Crimping two wires together on the same crimp-connector it's criminal?


Joined Nov 4, 2013
This thread just keeps giving! :D

I have never found duct tape to be conductive so should we start a another 100 post discussion on what tape is best for what and who disagrees? o_O


Joined Jun 17, 2014

I just realized we havent talked about "welded" connections yet :)

Not what the Chinese often called welded (which is really soldered) but actual real welding where the wire and metal to be connected to are both melted in a small spot and the metals fuse together. So actual welding, but more like spot welding.

Welding is the preferred method for battery cells like NiMH where they have to be wired together. That's beause the very quick heating does not have a chance to damage the internal part of the cell. Of course welding would have the same flexing problem that solder has, in that the wires could break off, so we should probably discuss that again too.

The wires break off because the interface between any single strand of wire and the solder or weld blob is sharp, and that causes the same small section of wire to flex over and over again if the wire moves. This section could be as short as 1/16 of an inch which means a very very small bend radius, when if the wire had a flex sleeve that radius would be much longer like 1/2 inch or even 1 inch or longer. That tiny portion of wire metal flexes back and forth that that is what causes the break. This could be called a micro movement.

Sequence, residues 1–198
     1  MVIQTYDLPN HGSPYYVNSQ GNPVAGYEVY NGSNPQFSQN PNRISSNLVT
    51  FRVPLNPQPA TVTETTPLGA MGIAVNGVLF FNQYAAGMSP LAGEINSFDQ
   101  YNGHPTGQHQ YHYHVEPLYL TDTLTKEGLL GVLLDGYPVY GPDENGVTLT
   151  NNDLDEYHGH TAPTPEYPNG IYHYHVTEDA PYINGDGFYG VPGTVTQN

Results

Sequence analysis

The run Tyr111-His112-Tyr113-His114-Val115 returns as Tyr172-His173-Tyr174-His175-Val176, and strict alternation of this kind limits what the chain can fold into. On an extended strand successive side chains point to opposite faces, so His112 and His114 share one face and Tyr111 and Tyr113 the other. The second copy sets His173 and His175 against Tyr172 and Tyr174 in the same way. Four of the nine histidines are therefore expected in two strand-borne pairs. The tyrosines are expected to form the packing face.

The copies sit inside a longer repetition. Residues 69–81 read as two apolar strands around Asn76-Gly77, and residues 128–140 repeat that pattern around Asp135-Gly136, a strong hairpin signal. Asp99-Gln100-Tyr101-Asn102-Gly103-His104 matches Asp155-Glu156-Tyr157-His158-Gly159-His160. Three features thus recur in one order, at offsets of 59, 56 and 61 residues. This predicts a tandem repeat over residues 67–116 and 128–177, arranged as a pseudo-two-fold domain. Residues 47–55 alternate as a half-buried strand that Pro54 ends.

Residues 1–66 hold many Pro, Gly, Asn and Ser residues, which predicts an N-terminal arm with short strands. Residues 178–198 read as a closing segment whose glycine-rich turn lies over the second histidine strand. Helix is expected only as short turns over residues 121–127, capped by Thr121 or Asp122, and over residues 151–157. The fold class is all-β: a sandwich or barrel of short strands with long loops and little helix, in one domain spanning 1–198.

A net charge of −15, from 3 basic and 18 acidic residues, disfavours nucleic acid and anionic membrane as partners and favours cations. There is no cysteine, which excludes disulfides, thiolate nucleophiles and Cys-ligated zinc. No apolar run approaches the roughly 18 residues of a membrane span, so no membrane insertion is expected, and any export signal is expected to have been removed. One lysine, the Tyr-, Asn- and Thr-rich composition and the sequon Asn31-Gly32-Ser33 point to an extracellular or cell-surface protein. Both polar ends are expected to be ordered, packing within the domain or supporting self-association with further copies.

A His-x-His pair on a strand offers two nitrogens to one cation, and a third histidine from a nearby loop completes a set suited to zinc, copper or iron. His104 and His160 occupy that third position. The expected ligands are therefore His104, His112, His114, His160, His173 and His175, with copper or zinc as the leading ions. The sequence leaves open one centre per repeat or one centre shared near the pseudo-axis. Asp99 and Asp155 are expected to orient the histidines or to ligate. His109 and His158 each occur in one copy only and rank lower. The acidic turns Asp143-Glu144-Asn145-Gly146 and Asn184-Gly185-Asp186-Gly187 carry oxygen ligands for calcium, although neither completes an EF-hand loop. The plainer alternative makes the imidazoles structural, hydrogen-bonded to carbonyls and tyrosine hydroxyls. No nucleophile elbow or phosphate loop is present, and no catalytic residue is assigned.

The interesting thing is that if we can change that micro movement into a larger movement where the stress is distributed over a longer part of the wire, it would mean less breakage. Also interesting is if we can increase it just a little with a shock absorbing material, then when the wire flexes the softer material 'gives' just a little and prevents the wire from breaking. When a smaller diameter wire is crimped, the insulation part is crimped also and that is what gives it a more break resistance structure. The crimp on the insulation, combined with the length between the bare metal part of the crimp and the back end of the crimp (where the insulation is crimped) gives the crimp both a little flexibility (at the insulation crimp) and a little more stress length. That helps prevent the break.
There are other ways around this too though. For larger connectors and larger alligators clips, we can wrap the wire around the end once or twice with the insulation still on it, and then just solder the bare end. The wrap gives the wire flexibility when it is flexed or tugged on. This has worked for me in the past on things like large automobile type alligator clips. It actually becomes hard to break the wire off.